Lima, Ica, Nazca and Arequipa
13.10.2010 - 20.10.2010
It has been a very busy week so I will limit myself to the spectacular highlights!
I took a bus from Lima along the PanAmerican highway/Pacific coast to the tiny town of Ica. There is not much to Ica besides the normal adobe huts, stray dogs, a little bit of pisco grape cultivation and desert as far as the eye can see with the exception of the Huacachina sand dunes a little over a mile out of town. I headed over to the dunes and was amazed that I felt like I was in the Sahara desert. The standard "tour" of the sand dunes is about an hour long dune buggy ride with 8 or so new friends stopping along the way to boogie board or snowboard (for the truly brave) down some of the enormous sand dunes.
Riding the buggy is like being on a crazy fast roller coaster without the rails. I was actually scared a number of times we would get to see the roll bar in action. The moment was always just over the crest of the hill when the buggy would start to slide down the incredibly steep hill before it caught some traction and barrelled down the slope. scary and thrilling all at once! Boarding was lying stomach down on a waxed up snowboard, grabbing on to the front foot strap and praying like crazy to not crash out into the sand at 20mph (or so it feels like, I have no idea, but I definitely didn´t want to crash!). Only one very experienced snowboarder in our group went down the hill upright and he only did so on the beginner slope so the rest of us didn´t even have to contemplate how whimpy we were! Last point to make on Huacachina is that this is a natural lagoon formed in the desert which forms a true desert oasis which has now been pimped out to 20 something partiers that drink and dance into the night - or so I hear.....
About an hour away by bus is the similiarly lackluster town of Nazca whose one key feature was the discovery in the early 20th century of the mysterious Nazca lines in the desert. The lines can only truly be seen by low flying plane so I hopped on board and enjoyed a look. The Nazca lines are geometric and animal shapes formed in the desert, it is estimated they were formed about 900 b.c to 40 a.d. by ancient cultures for who knows what, if any, purpose. They were formed by removing the top layer of sand/soil of the desert which exposes the white underlayer. I was surprised of the size of the shapes. some appeared to be smaller than a football field and some stretched out into the desert for miles. In addition to distinct shapes were straight lines that seemed to cross or extend out til eternity. Here is a pic that hopefully you can see of the hummingbird (its nose is pointing to the top left corner). As the desert literally receives zero to 1 inch of rain per year out here the lines have been preserved for so long. Crazy interesting.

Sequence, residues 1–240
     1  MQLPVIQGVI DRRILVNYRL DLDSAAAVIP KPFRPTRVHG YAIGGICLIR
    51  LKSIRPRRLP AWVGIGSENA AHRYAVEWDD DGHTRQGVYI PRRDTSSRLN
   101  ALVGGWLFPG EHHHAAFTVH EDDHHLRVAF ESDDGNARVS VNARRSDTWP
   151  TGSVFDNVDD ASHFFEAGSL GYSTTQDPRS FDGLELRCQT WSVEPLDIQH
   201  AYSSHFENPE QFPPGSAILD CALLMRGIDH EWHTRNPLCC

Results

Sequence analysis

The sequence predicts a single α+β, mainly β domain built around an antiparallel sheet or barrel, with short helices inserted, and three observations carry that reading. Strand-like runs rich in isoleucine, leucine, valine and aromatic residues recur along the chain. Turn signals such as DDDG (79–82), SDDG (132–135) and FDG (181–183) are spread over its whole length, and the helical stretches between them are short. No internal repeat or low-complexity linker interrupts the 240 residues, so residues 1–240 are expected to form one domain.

I took a relatively painful bus about 11 hours!! from Nazca to Arequipa for my final stop in Peru. I spent the good part of one day white water rafting down a local glacier run off river (thank god for full wetsuits, booties and helmets!) and did some exploring about town. But my favorite part was an excursion to Colca Canyon. This canyon is appartely 4 times deeper than the grand canyon, although you don´t get the same money view as the deep part is pretty inaccessible and is comprised of mere dirt and grasslands vs the beautiful cut stone of the Grand Canyon. To me the canyon trip was about seeing the andes mountains in their glory and seeing some villages that are pretty much untouched by westerners. The villages in this canyon weren´t really even exposed to westerners at all until about 30 years ago. The villages still live off the land and utilize terrace farming BY HAND or by cow. The scenery was beautiful and it is such a different lifestyle I was pondering if they even have any sense of what our world is like. There are barely any cars, let alone enormous machines, computers, skyscrapers etc. I think they would go into shock if dropped into times square. Here is a pic.
An update on what I have been reading. I had to give up on The Adventures of Robinson Crusoe, they just weren´t that adventuresome.... I did read the Omnivore´s Dilemma (sometimes while even have a meat filled meal!) and I have to say I really enjoyed it and really enjoyed reading it in Peru where industrial farming still has not begun. I have been through the markets and seen the chickens, head and feet on, ready for my dinner. Any they were delicious... But seriously, it is thoughtful about what we are doing with our food supply and may make me think twice about what I buy when I am home in the states. I have just stared Cutting Stone and should have an update after my many hours of upcoming travel.
Sorry for the long post. I will try to be a little more frequent on the updates... Hope all is well back home.